Graph here

I am trying to derive the following equation from a paper I am studying, which the author has derived from the graph above. The two slightly curved lines here are modelled as the surfaces of spherical caps, with surface area S (known). The equation is

$$\frac{X}{4\sqrt{S/\pi}} = \sin( \phi_0) + \frac{\sqrt{S/ \pi}}{R}\cos( \phi_0).$$

I am thinking that if the spherical cap is flattened out, the curved line can be seen as the diameter (D) of this flattened circle, hence $D=2\sqrt{S/\pi}$. I believe this is where the $\sqrt{S/\pi}$ term comes from. As for the rest, I have managed to get an equation for $D$ in terms of $\phi$, $\alpha$ and $D$, using that $D=R\theta$ (as the triangle in the diagram can be seen as a segment of a circle).

My solutions however all seem pretty complicated and I cannot manage to get them to match up to the correct one. Where am I going wrong? Do I need to use a different approach? (I thought about using the volume of revolution but I can't work out how to use that here).

Can anyone help?


This doesn't seem quite right to me. If I take $S$ to be half the surface area (i.e., the surface area of one of the "arcs"), then I have $S=4\pi R^2\sin^2\alpha$, so $\sqrt{\frac S\pi} = 2R\sin\alpha$. By similar triangles, the angle between the arc of the circle and the chord joining the endpoints of that arc is $\alpha$ as well, and so $$\frac x2 = 2R\sin\alpha\sin(\phi+\alpha) = 2R\sin\alpha\big(\sin\phi\cos\alpha + \cos\phi\sin\alpha\big).$$ Since $\alpha$ is presumably small, we take $\cos\alpha\approx 1$, and this becomes $$\frac x{2\sqrt{S/\pi}} \approx \sin\phi + \cos\phi\sin\alpha = \sin\phi+\frac{\sqrt{S/\pi}}{2R}\cos\phi.$$ This is "close" to what you posted, but certainly different. At this point, I'm not sure the author is correct.

  • $\begingroup$ Could you please explain where that equation of S comes from? (This is the first time I've encountered spherical caps so I'm still not sure on the relevant equations.) Also, could you please explain the similar triangles part? I'm struggling to see how they are similar. Though I think you're right, it is very possible that the author has made an error! $\endgroup$ – maria1991 Dec 20 '18 at 2:10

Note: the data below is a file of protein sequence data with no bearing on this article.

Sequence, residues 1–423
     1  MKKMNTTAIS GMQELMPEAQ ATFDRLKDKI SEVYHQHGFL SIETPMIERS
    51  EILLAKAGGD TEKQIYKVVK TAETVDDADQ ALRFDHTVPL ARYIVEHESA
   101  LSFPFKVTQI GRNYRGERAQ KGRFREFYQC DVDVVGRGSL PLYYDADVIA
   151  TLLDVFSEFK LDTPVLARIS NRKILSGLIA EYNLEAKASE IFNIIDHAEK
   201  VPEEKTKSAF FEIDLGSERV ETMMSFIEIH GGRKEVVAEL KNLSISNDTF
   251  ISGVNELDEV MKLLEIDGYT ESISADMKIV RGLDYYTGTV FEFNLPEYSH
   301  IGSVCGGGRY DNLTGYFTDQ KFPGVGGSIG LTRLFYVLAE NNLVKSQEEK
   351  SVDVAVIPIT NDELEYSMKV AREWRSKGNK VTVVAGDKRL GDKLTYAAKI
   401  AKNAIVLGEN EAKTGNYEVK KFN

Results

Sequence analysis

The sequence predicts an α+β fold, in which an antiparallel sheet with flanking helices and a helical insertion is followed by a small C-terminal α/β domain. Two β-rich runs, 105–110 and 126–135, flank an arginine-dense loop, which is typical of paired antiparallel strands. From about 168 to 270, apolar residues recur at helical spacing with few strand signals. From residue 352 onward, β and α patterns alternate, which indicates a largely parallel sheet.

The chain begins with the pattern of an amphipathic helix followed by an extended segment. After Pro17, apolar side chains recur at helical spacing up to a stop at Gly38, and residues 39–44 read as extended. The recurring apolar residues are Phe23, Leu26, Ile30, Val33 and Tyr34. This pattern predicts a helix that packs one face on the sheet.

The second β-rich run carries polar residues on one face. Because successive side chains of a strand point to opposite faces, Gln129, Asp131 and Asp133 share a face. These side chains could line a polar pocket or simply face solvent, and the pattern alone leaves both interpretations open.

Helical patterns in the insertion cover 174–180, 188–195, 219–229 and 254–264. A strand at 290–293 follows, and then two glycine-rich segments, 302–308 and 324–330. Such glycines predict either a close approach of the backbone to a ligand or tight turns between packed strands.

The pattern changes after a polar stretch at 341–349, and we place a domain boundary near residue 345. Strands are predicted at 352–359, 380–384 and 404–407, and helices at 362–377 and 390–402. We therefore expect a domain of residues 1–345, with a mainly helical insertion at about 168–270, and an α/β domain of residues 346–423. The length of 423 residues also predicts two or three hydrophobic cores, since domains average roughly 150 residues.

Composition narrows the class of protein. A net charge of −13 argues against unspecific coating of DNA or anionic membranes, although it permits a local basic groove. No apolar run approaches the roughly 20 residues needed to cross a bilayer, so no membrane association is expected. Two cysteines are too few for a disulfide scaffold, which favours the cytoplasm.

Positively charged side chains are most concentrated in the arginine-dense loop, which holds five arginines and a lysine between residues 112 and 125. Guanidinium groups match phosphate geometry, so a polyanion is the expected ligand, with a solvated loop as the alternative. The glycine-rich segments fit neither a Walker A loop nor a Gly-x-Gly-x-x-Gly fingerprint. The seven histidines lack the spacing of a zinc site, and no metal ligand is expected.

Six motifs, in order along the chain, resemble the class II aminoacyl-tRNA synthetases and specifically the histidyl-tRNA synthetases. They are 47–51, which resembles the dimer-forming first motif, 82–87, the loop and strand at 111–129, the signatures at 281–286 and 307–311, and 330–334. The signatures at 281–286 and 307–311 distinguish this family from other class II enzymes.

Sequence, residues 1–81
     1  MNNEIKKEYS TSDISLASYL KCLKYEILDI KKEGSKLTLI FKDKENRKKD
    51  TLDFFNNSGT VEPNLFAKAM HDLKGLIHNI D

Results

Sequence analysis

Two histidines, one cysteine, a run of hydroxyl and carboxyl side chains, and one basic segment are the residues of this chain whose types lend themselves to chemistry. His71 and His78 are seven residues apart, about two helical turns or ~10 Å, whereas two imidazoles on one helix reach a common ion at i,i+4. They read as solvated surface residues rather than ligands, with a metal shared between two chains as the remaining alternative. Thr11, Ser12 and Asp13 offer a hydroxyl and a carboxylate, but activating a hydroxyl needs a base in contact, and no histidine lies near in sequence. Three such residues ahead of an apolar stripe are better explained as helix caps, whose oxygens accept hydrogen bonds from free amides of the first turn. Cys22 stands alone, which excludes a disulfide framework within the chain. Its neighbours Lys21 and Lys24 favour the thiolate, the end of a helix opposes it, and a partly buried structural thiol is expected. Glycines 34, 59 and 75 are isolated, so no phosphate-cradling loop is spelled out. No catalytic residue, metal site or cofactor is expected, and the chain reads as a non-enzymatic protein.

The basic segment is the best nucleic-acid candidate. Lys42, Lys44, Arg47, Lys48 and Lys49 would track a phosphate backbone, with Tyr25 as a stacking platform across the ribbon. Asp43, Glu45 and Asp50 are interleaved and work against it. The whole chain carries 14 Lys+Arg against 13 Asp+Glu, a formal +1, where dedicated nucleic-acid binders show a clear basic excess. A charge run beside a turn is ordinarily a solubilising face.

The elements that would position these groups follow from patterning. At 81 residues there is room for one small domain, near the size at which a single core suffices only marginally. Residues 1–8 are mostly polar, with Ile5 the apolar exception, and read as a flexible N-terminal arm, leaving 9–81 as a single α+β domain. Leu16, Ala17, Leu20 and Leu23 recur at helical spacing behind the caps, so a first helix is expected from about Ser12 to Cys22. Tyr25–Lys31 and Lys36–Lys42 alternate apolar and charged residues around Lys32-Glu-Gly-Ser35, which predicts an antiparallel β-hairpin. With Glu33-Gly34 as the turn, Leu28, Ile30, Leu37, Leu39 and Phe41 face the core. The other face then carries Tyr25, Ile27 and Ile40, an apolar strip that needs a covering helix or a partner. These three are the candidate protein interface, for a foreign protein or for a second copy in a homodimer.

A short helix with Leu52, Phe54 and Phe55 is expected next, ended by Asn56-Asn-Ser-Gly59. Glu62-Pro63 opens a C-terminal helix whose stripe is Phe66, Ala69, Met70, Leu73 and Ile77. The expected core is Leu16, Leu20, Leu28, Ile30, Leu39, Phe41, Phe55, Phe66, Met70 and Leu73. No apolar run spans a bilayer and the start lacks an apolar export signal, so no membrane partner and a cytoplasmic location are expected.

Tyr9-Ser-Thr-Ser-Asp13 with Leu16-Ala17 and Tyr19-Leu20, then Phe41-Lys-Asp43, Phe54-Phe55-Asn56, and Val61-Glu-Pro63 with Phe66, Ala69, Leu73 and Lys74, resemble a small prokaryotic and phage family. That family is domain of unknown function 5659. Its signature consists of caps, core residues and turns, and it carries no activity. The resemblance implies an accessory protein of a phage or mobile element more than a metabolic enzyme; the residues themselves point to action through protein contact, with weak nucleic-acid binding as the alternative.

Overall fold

• $\begingroup$ You can find the surface area of the cap by doing the surface integral $\int_0^{2\pi}\int_0^{2\alpha} R^2\sin\phi\,d\phi = 2\pi R^2(1-\cos 2\alpha) = 4\pi R^2 \sin^2\alpha$. For the similar triangles, you have a right triangle (because the tangent to a circle is perpendicular to the radius) with one leg the radius and angle $\alpha$ at the center of the circle (so I'm doing half the chord); now draw the chord, which will be perpendicular to the hypotenuse of the original right triangle. That gives you similar triangles. The angle between the chord and the tangent is $\alpha$. $\endgroup$ – Ted Shifrin Dec 20 '18 at 2:23
  • $\begingroup$ Ah, I understand now! Thank you very much for your help! $\endgroup$ – maria1991 Dec 20 '18 at 2:45
  • $\begingroup$ Sorry, I have a final question! How did you work out that $\frac{x}{2}=2Rsin\alpha sin(\phi +\alpha )$? $\endgroup$ – maria1991 Dec 20 '18 at 3:00
  • $\begingroup$ Make a right triangle with one leg $x/2$ and hypotenuse the chord joining the endpoints of the arc. $\endgroup$ – Ted Shifrin Dec 20 '18 at 3:04

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